Ask to see the pets in the infirmary as well as the general runs; your pet might have been injured. And don't stop at one shelter. Go to all the shelters in the area. Animals can travel a good distance on their own, and sometimes people pick up a lost pet and take it home, only to have it escape again into an area even farther away from home.
Try to enlist the help of the media -- newspapers and radio and TV stations. In a big city, you won't get much interest, says Blackman, but in a small town you might get a lot of help. Even in a big city, though, if there's something interesting, odd or unique about your pet, you may get some media interest. It's always worth trying.
Blackman's final piece of advice: Don't give up. "Don't get discouraged," she says. "Focus and visualize. These both help. And it doesn't hurt to pray."
Next week, I'll share Blackman's advice on what to do when you find a pet.
PETS ON THE WEB
The Denver Dumb Friends League (www.ddfl.org) has assembled one of the best collections of articles on solving pet-behavior problems that I've seen. The articles are clear and concise, and offer not only suggestions on how to solve various problems, but also provide an understanding of the natural instincts behind behaviors we humans find hard to live with.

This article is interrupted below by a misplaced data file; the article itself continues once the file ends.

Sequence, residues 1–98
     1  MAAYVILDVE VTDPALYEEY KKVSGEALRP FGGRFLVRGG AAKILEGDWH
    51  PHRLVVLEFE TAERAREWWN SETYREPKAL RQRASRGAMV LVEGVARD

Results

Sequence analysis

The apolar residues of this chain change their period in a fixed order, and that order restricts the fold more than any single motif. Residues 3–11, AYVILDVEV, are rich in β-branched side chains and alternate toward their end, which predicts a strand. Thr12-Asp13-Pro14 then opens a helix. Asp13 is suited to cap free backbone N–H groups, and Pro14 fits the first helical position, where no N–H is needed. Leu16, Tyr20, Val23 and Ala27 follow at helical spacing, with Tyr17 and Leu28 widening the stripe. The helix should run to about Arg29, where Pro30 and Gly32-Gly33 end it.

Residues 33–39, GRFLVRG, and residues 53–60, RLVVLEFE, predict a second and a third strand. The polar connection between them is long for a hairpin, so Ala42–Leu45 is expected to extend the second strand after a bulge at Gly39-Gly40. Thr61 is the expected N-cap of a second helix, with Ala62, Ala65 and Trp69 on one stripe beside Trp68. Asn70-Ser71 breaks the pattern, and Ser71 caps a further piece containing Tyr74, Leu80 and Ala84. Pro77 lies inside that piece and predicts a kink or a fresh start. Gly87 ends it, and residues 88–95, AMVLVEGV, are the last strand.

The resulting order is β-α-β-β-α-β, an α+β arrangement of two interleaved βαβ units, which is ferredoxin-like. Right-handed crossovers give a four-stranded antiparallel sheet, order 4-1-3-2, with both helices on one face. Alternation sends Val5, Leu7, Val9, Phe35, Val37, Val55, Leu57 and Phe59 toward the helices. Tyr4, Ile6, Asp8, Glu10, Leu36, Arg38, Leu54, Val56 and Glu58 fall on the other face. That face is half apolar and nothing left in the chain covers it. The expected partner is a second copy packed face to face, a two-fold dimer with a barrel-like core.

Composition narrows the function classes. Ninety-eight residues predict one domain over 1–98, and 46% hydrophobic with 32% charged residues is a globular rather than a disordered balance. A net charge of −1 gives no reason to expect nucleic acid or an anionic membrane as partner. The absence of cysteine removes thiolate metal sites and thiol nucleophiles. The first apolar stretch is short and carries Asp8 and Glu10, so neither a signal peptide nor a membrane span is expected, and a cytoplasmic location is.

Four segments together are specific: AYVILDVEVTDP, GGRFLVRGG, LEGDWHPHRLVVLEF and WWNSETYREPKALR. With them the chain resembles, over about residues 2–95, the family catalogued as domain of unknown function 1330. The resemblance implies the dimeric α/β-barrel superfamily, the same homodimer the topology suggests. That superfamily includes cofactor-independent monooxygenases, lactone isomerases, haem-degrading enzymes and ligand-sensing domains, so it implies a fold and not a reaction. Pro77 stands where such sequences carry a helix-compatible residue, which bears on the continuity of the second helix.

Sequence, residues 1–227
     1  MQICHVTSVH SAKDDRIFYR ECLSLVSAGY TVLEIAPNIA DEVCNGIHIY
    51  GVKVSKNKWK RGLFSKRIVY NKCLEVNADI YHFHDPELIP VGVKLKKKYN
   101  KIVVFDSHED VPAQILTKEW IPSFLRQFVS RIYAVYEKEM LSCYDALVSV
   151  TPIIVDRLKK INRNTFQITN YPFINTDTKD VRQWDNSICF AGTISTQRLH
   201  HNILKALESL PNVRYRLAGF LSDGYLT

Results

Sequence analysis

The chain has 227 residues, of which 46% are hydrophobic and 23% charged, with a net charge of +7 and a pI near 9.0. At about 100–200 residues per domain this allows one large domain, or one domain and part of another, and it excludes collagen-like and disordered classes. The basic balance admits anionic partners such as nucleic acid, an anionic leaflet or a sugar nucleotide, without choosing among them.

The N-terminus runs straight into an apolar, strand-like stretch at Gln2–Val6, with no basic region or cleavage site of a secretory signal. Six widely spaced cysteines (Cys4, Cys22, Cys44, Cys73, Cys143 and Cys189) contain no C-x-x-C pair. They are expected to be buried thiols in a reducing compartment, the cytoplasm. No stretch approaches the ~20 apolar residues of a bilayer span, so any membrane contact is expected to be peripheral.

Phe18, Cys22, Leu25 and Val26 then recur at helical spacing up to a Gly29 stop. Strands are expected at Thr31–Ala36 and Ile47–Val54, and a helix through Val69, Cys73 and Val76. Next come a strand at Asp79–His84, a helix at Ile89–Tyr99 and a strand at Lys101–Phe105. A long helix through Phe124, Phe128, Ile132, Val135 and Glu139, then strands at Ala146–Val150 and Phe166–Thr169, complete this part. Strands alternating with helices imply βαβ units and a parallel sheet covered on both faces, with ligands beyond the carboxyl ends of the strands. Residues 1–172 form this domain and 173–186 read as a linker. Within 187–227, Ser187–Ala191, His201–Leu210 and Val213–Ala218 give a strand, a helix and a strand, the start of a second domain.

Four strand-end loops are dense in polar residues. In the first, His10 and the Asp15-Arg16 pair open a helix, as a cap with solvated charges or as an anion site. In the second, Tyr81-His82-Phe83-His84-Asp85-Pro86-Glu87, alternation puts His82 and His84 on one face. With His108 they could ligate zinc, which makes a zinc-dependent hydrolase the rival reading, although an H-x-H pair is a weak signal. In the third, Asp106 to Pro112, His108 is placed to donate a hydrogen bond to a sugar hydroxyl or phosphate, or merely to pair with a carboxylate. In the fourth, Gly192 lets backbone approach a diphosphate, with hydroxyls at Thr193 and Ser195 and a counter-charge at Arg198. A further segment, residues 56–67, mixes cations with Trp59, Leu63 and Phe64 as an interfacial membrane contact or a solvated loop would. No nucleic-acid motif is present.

To get to the collection, click on Information and Tips from the front screen. Before you do, though, go to the bottom and click on the link explaining this group's unusual name. I was just at this shelter, and I asked the group's president, Bob Rohde, if a name change had been considered. It has, he admitted, then added quickly, "But when you have 94 percent name recognition in your target market, would you change?"
The name may be old-fashioned, but the group is not. And its motto, "We speak for those who cannot speak for themselves," remains current.
I've long accepted the fact that as much as my niece, Kate, likes to see me, she's always more excited at my arrival if I've brought one or more of my dogs. Kate's not alone in her love of animals. If you're looking for a special gift for the animal-loving youngster in your life, Lisa Rosenthal's new book, "A Dog's Best Friend: An Activity Book for Kids and Their Dogs" (Chicago Review Press, $12.95) should be on your gift list. The book offers plans for dog-related crafts such as making collars, dog treats and food mats, and provides great basic advice on care and training.